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The Emergence of Coronavirus and Olympics Scams

Newly registered domains and other campaigns are playing on coronavirus/COVID-19 fears

Published on:

Authored by:

Krishna Kona

Krishna Kona

Krishna Kona

Deepak Shanker

Category:

Abuse Click Fraud Phishing Scam Social Engineering

The Emergence of Coronavirus and Olympics Scams

Cybercriminals have always used a crisis as an opportunity to scam people. Many in the tech industry have noticed new scams and campaigns aimed at taking advantage of people's uncertainty around the coronavirus/COVID-19 pandemic, especially after it was declared a health emergency. The United States Computer Emergency Readiness Team (US-CERT) recently warned of scams tricking people into revealing sensitive information or donating to fraudulent charities or causes related to the coronavirus. The Federal Trade Commission has also warned about similar scams.

Multiple security vendors have reported that threat actors have used this scareware tactic to spread malware, including Emotet, LokiBot, RemcosRAT, TrickBot, and FormBook. The Zscaler ThreatLabZ team has been actively monitoring scams and threat campaigns around the coronavirus health emergency and the Summer Olympics. Here are some of our findings.
 

2020 Summer Olympics

Recently, there has been a lot of discussion about the impact of the coronavirus on several global events, including the 2020 Summer Olympics. While many of these events have been postponed or canceled, people are waiting to see if the Olympic Games will be held as scheduled, postponed or canceled. We observed newly registered domains (NRDs) trying to exploit this curiosity. One such domain is coronalympics2020[.]com, registered on March 7, 2020.
 


Figure 1: This shows a "well-known" hidden directory for a coronavirus-related newly registered domain.

 

We have previously seen the Shade/Troldesh ransomware campaign abusing hidden "well-known" directories in HTTPS sites and reported about it here.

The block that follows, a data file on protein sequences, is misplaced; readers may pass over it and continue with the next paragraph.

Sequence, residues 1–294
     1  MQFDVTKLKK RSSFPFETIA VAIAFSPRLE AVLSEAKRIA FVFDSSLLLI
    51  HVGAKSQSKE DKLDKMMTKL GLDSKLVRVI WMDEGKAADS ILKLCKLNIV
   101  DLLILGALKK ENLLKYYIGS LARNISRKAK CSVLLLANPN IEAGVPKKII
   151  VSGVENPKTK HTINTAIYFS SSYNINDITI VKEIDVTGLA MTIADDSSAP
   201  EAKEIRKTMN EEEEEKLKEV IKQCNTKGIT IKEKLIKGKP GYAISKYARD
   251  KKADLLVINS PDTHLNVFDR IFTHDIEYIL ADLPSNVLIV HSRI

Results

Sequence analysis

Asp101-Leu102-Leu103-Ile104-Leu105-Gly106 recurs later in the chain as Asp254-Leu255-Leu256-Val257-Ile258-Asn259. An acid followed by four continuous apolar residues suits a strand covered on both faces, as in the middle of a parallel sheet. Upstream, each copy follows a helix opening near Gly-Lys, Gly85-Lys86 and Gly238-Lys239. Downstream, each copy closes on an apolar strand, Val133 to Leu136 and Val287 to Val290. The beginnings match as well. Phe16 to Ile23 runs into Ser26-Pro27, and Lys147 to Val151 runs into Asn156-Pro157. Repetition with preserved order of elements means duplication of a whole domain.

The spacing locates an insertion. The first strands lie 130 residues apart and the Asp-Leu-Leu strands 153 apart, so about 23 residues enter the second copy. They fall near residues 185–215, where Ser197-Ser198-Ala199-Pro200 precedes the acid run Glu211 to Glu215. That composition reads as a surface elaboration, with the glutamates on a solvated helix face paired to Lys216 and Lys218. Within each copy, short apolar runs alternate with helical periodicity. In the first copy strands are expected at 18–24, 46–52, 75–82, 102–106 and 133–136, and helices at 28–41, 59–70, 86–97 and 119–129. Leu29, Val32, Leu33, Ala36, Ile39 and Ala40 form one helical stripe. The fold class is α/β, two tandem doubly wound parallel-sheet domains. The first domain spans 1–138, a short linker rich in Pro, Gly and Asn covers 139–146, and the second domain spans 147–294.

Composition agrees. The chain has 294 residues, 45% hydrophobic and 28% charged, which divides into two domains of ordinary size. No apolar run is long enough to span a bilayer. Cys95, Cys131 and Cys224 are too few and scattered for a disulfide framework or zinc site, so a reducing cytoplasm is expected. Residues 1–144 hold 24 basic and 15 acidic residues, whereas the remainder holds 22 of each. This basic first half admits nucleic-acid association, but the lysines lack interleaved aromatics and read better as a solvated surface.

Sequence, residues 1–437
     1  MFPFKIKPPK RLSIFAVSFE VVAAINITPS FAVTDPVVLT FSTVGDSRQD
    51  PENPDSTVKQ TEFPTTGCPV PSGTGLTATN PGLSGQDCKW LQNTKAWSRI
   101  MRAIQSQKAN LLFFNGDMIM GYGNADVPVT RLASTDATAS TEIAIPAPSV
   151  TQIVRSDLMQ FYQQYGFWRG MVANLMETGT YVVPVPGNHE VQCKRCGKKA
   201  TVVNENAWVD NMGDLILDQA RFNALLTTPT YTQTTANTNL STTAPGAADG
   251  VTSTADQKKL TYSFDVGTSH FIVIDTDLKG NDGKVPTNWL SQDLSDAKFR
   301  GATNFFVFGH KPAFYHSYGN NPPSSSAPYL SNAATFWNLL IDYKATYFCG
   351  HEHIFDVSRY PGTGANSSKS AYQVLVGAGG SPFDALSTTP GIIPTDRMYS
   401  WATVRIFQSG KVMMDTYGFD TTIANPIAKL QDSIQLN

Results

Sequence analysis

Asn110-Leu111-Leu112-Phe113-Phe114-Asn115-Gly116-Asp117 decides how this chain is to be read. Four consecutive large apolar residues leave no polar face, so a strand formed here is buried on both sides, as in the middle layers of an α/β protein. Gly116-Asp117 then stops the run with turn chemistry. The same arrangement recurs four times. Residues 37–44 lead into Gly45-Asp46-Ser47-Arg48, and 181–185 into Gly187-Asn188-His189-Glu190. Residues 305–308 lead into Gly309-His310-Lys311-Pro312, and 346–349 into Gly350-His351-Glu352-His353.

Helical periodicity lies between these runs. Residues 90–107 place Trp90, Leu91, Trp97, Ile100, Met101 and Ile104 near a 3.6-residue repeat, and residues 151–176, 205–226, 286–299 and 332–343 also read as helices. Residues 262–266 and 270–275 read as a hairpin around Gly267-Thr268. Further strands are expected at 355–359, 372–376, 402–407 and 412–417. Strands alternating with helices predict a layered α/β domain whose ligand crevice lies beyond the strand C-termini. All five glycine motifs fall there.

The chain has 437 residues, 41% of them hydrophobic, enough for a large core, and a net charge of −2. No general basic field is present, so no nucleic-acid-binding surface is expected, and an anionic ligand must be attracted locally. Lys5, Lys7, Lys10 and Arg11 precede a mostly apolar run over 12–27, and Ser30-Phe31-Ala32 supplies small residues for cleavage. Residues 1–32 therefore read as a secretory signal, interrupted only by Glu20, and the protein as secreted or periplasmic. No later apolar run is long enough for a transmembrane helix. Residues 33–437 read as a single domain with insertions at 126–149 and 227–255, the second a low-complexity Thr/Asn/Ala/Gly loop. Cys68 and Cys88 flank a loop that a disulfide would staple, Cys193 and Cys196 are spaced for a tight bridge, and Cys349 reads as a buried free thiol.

Some of the other domains we have seen based on the Olympics theme are CoronavirusOlympics[.]com, registered on 02-26-2020, and CoronaOlympics[.]com, registered on 03-05-2020.

 

Scams featuring Mobile Apps, Home testing devices, Phishing

Exploiting a crisis for profit is not new for threat actors, and the COVID-19 pandemic is no different. We have come across quite a few websites that promise a miracle cure or absurd treatments for COVID-19. Below is a site that claims to protect you from COVID-19. A closer look reveals this site to be fake.
 

Figure 2: A fake site promoting a "Corona Antivirus" solution.

 

This site claims to have a "special AI" mobile app developed by Harvard researchers that can protect you from COVID-19. 

Figure 3: A mobile app claiming to "protect" users against COVID-19.

It also provides a subscription service for the app. Notice the gibberish under “No credit card required.” This site appears to have been taken down.

 

Figure 4: The subscription model for this fake coronavirus protection app.
 


Home Test

While the Centers for Disease Control (CDC) has been scrambling to provide COVID-19 test kits, fake vendors have already started accepting pre-orders for a "Corona Virus Home Test". Yet it turns out this is another scam to exploit users. We urge users to follow only credible sources, such as CDC and World Health Organization (WHO) for any information regarding COVID-19.